On The Need For Improved Connectivity In The North

For the fifth time this year, I found myself aboard a flight from Halifax, Nova Scotia heading to Happy Valley-Goose Bay, Labrador (this time with Nic, my MSc student, and Dr. Jason Ernst, Chief Networking Scientist at RightMesh). As I’ve mentioned in a previous post, Happy Valley-Goose Bay was not the only destination for this trip. While we spent a few days in Goose Bay for meetings and strategic planning, we flew off to Rigolet, Nunatsiavut on Tuesday morning.

This trip to Rigolet has several goals related to the broader eNuk health and environment monitoring apps:

  • Nic will spend part of his time exploring methods of making the eNuk apps more engaging. This will include an open house where we can get community feedback on different elements of gamification, as well as a meeting with students at Northern Lights Academy. In the latter case, we’ll be running a Scratch session with the students and asking them how they would design an app for the community.
  • Nic and Jason will continue testing the mobile mesh network within the community. This will include some demonstrations of its utility at the open house, as well as further experiments to understand how it will function in Rigolet.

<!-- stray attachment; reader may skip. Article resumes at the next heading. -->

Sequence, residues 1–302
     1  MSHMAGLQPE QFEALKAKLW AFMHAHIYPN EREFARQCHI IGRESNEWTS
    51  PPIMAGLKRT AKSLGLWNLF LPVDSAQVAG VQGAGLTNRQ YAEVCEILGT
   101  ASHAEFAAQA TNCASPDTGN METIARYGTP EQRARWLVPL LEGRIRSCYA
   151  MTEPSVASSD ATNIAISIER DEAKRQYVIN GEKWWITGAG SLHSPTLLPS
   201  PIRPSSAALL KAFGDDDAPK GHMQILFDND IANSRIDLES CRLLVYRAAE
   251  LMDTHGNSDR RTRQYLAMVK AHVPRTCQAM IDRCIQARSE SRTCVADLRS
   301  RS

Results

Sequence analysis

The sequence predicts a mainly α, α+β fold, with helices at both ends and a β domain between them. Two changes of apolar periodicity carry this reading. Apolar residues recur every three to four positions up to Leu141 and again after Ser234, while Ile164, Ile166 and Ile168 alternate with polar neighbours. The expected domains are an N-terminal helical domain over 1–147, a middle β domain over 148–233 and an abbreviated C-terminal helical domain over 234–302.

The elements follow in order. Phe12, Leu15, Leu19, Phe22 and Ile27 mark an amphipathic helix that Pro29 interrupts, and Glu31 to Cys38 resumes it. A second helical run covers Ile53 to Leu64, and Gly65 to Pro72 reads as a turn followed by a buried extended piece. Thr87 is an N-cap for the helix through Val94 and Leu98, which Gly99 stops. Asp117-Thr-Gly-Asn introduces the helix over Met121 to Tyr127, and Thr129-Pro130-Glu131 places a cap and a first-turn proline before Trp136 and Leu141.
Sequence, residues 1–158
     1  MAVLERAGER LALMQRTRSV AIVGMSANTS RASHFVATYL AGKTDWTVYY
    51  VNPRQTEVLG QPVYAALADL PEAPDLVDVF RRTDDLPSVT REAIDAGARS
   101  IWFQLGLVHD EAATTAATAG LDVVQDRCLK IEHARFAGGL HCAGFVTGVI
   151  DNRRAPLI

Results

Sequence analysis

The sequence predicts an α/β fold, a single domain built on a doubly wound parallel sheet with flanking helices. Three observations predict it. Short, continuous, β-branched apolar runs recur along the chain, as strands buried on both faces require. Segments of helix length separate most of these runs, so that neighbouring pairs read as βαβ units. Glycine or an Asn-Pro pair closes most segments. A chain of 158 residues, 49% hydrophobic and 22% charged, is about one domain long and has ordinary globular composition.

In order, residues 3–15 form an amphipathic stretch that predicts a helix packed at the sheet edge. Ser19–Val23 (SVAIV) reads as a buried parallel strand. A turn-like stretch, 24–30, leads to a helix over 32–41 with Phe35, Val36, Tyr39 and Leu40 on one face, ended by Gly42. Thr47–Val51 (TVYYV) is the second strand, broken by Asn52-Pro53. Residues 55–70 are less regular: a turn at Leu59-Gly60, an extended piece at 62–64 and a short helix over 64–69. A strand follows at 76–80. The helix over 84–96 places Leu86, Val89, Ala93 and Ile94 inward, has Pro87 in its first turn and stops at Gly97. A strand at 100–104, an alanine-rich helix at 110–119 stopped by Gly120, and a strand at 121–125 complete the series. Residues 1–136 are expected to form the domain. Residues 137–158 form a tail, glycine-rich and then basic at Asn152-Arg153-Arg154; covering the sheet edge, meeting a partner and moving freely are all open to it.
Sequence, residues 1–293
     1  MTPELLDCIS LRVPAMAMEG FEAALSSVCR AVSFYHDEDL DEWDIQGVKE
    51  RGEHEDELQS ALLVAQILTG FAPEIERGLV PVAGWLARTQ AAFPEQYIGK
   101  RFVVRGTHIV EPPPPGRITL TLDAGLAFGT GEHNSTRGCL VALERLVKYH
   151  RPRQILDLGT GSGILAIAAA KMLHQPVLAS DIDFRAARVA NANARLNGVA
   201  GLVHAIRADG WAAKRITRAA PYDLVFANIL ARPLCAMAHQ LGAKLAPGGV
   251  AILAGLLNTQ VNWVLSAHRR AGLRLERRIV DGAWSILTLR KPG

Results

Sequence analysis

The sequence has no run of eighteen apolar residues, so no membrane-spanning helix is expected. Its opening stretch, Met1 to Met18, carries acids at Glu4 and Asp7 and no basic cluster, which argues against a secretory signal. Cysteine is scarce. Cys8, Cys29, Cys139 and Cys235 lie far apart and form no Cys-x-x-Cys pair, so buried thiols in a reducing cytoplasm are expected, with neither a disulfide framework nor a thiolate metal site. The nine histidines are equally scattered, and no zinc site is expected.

Of course, you might be wondering why we are doing these things. In particular, you might be wondering how a research program led by the community of Rigolet has expanded from monitoring health and environment to include research on the implementation and evaluation of mobile mesh networks.

While the answer isn’t complicated, it also isn’t comfortable because it speaks of a digital divide – a state of inequity defined by our provincial and territorial borders – that negatively affects many Indigenous communities. The day-to-day reality of almost all Northern communities in our country is that the internet is limited, bandwidth and speeds are low, and cellular towers are non-existent. Access is not the same.

Rigolet is no exception, and its limited bandwidth and connectivity are hindering the ability of the community to fully capitalize on the eNuk tools. Community members piloting the program are able to document health and environmental changes when they are on the land (e.g. hunting, gathering, fishing, etc.), but for this information to be collected and shared, it is necessary for the same community members to return to Rigolet to wire their mobile devices to their computers, and assuming the internet allows it, upload their data to the server. They cannot instantaneously share the information because the infrastructure does not allow it.

Ask yourself, how likely would it be that you would continue using Instagram, for example, if its use required you to wire your mobile device to your computer every single time you wanted to post an image? What would be the potential for real-time sharing? Now further consider how this might affect the collection of data that are relevant for the real-time monitoring of health issues, environmental changes, and safety conditions.